What is a Brute Force Attack and How to Prevent it?

Businesses have thousands of important documents and files that are highly confidential. We’re sure your business also has such data.

But imagine one day an unauthorized entity entered your system and stole them!

Perhaps you’re thinking it isn’t possible since your accounts and devices are password protected. Unfortunately, this isn’t true because hackers use special techniques to obtain passwords and breach systems. 

This blog discusses one such password cracking technique: A brute force attack.

 

What is a Brute Force Attack?

A brute force attack is a cyberattack where hackers use the trial-and-error method to break passwords with all possible combinations. They use repetitive and forceful attempts to break into systems, accounts, or networks, and thus the name brute force attack

Generally, the objective is to obtain information, spread malware, or cause service disruption using various programs and applications. These days bots are also used to bypass authentication systems successfully. 

Did you know computer programs used by malicious actors can check 100,000,000,000 passwords per second? Shocking, right?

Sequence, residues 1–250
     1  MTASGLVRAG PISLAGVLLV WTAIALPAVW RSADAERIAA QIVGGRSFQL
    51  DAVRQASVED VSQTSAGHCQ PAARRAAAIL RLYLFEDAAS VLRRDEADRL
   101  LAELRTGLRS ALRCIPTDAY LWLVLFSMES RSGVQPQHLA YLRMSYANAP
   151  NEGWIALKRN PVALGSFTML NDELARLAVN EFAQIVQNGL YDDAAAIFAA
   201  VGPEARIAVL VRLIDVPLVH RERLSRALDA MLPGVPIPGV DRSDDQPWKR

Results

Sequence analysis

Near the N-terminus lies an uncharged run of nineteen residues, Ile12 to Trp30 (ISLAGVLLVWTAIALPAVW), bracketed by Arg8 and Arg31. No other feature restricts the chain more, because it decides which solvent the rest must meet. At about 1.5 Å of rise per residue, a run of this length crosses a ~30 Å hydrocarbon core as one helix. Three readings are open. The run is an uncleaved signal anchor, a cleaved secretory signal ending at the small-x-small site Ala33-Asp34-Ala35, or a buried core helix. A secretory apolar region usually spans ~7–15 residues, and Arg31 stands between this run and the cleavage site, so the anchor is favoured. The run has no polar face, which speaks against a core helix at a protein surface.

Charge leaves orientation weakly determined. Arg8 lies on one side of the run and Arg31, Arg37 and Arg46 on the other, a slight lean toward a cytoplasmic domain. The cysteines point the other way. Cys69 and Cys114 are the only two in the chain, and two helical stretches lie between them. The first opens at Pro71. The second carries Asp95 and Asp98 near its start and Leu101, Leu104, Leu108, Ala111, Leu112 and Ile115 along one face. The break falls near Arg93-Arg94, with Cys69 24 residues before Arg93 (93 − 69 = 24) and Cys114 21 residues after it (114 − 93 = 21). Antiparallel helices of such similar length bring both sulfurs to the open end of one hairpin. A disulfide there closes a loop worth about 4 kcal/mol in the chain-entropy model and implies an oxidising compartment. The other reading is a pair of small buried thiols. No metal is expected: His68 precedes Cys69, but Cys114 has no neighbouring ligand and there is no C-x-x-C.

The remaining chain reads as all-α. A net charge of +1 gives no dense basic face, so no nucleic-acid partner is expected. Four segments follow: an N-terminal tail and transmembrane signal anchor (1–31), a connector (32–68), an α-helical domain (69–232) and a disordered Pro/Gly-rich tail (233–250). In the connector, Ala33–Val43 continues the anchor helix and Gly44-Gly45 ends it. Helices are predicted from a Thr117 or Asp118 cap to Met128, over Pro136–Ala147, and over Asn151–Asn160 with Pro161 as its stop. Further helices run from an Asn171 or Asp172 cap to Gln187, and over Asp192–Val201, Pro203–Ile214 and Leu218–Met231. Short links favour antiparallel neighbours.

That’s why technology-driven companies must understand what a brute force attack is and how to prevent it.

 

How do Brute Force Attacks Work?

Before learning any prevention methods, it’s a good idea to understand how brute force attacks work

Attackers use readily available programs or scripts that utilize various wordlists, smart rulesets, and dictionary words to systematically and automatically crack passwords. Some HTTP-type brute force attack tools even use open proxy servers, making it seem like each request comes from a different IP address.

Other tools try a different password and username on each attempt to avoid locking the account for too many failed password attempts. Unlike most other cyberattacks, brute force attacks don’t rely on system vulnerabilities to breach accounts and systems. Instead, bad actors depend on the widespread use of weak credentials.

Still, brute force attacks don’t only target passwords, they can also aim to guess usernames and email addresses. Some brute force attacks even target website directories with old, forgotten, and outdated software to compromise a system.

Example of Brute Force Attacks

Dunkin’ Donuts, a famous coffee franchise, became the victim of a brute force attack in 2015. Hackers gained unauthorized entry into the accounts of 19,715 users and stole their money.

Later, the coffee chain had to pay $650,000 in penalties for not revealing the compromise to the users. Had the company informed them, they could’ve taken preventive measures to avert the loss of money.